As a film critic, I spend a lot of my time watching movies. What a lot of folks may not know is that those movies often include animated features. DC has always really brought it with its animated flicks, and now, as we wait for the second part of their latest stellar example, it seemed like the perfect time to put together a program of my ideal animated DC marathon.
And of course, we start at the very beginning…
It just feels appropriate to start with the feature that kicked it all off. Spun off from the ever-incredible Batman: The Animated Series, Batman: Mask of the Phantasm shows us a different side of Gotham’s caped crusader. At least in the beginning.
Love is a complicated emotion, and a young Bruce Wayne was happily willing to give up a life of crimefighting to be with the intrepid Andrea Beauxmont when he was younger. Thankfully for Gotham, fate had other plans for the lovebirds. When Andrea suddenly leaves town, Bruce has a new moment of clarity. By the time she finally returns years later, he’s already been the Batman for some time.
With Andrea’s return comes a complex new villain—the Phantasm—who has taken it upon themselves to kill all the big bads in Gotham City. Both sides of Bruce’s identity get shoved into overtime as he tries to stop the masked murderer and deal with his lost love. Batman: Mask of the Phantasm is complicated and layered and rocks the gorgeous animation that the animated series was known for. Truly the gold standard for animated DC films.
Global and galactic powers need checks and balances. But what happens when those checks and balances come into play without the consent of the powers that are to be checked? Teams have to trust each other, and they can’t do that when one of their own is hiding secrets. Justice League: Doom follows our heroes as they deal with complicated emotions over being betrayed by Batman, even if that betrayal isn’t in the traditional sense.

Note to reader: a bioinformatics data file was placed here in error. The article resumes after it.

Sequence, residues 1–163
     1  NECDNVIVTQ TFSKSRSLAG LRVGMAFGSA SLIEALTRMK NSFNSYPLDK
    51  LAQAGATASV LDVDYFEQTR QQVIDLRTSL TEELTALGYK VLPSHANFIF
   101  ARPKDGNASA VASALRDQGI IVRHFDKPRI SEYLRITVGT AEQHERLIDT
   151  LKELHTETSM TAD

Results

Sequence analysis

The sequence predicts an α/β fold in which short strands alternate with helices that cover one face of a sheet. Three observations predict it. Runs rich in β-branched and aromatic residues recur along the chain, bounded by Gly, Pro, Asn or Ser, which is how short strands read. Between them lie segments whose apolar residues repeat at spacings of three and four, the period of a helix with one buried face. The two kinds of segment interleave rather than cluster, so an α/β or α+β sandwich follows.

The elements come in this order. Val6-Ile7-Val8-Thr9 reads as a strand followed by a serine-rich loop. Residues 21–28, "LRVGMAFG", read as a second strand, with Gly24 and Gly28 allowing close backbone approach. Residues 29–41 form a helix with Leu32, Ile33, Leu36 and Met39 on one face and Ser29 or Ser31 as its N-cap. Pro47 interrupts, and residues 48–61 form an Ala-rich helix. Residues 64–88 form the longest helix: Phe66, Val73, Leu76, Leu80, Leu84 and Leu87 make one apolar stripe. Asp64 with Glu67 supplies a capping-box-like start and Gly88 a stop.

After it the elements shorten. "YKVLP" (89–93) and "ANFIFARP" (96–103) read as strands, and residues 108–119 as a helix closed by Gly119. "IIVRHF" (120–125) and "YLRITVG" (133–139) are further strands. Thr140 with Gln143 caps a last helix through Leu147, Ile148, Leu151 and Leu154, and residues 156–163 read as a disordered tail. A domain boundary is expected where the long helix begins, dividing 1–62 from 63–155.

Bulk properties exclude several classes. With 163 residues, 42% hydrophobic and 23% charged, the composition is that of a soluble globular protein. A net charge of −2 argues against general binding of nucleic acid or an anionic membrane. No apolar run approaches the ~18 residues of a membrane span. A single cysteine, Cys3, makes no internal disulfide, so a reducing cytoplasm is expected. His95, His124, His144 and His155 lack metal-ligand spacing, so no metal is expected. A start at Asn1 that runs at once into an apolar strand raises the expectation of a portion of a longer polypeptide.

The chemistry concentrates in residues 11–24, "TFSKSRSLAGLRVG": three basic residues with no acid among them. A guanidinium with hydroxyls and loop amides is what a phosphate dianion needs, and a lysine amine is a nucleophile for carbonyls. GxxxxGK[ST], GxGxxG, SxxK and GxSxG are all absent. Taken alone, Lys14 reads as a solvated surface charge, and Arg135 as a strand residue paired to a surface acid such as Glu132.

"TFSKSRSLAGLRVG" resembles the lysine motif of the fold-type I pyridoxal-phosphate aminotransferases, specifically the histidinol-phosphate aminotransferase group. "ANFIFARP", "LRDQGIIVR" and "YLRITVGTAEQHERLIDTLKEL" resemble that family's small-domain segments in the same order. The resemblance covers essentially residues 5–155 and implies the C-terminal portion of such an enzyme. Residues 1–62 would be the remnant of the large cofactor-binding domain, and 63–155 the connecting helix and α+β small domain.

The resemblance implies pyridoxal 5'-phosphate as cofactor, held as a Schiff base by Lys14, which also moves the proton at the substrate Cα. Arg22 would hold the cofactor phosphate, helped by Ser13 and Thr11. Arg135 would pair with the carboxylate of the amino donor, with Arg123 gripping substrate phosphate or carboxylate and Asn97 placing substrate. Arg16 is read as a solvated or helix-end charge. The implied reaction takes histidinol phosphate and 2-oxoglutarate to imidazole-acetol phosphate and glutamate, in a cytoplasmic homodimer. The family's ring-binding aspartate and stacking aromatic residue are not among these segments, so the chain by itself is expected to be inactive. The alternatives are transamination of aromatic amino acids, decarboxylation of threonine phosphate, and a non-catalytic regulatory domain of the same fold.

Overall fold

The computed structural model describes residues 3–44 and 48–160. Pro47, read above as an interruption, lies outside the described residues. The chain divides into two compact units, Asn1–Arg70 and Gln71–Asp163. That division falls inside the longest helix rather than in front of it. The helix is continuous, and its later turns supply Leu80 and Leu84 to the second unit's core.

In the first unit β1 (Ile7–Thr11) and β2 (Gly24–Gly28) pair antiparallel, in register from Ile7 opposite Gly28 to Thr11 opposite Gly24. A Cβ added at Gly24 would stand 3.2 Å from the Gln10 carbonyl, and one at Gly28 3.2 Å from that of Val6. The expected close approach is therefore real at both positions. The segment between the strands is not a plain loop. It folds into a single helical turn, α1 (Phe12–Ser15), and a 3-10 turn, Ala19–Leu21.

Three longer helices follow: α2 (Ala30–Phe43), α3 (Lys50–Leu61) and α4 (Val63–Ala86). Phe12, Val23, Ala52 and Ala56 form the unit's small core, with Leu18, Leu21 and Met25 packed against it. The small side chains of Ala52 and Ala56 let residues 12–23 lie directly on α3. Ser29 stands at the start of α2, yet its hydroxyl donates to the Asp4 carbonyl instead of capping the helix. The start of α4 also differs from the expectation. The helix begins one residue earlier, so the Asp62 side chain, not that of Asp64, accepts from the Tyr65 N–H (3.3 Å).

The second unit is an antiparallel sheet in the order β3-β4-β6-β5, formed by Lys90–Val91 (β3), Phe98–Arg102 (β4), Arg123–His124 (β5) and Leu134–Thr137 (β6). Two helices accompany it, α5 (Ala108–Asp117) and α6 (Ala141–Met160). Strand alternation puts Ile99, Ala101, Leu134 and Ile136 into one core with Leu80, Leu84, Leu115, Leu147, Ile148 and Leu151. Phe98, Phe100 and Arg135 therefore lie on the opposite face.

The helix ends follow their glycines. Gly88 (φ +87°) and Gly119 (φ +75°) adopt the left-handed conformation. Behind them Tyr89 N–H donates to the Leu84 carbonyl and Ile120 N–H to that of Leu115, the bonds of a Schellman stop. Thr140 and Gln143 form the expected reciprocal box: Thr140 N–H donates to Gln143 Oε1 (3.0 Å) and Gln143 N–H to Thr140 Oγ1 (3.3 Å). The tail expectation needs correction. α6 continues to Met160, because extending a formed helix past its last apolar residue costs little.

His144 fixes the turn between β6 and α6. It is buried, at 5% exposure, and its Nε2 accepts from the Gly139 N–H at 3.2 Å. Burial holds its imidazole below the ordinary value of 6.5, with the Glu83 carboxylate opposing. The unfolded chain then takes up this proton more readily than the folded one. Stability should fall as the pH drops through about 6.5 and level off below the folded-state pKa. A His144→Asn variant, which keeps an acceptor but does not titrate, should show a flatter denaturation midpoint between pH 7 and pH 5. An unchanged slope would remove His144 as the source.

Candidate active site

Historically, Bruce Wayne has trusted approximately three people. It’s not too much of a stretch to picture him keeping dossiers on his super-powered teammates that include all of their weaknesses and plans on how to stop them when the chips are down. Unfortunately, the rest of the Justice League doesn’t take too kindly to the Caped Crusader taking matters into his own hands. Even Superman has to admit the overstep, but things quickly become dire enough that the team will have to find a way to trust each other again.
When Lex Luthor is elected President of the United States in response to a deep national depression, things go about as sideways as you’d expect. Complicated issues lead to a large subset of heroes joining forces with the super-villain to serve what they believe to be the “greater good.” Though you’re right to imagine they eventually see through the lies, the ride we take to get there is a blast.
Confession: I live for angry Superman. Not the kind that doesn’t smile or make his silly farm boy jokes on the regular, but the one who gets so defensive of someone that he loves that even the strongest enemy can’t stop him. I’m not going to give you any spoilers, but I will say that such a moment happens in Public Enemies and it’s one of my favorite clips in DC’s animated tenure. It’s fun, it’s layered and it’s complex in a way that most people don’t expect out of animated movies.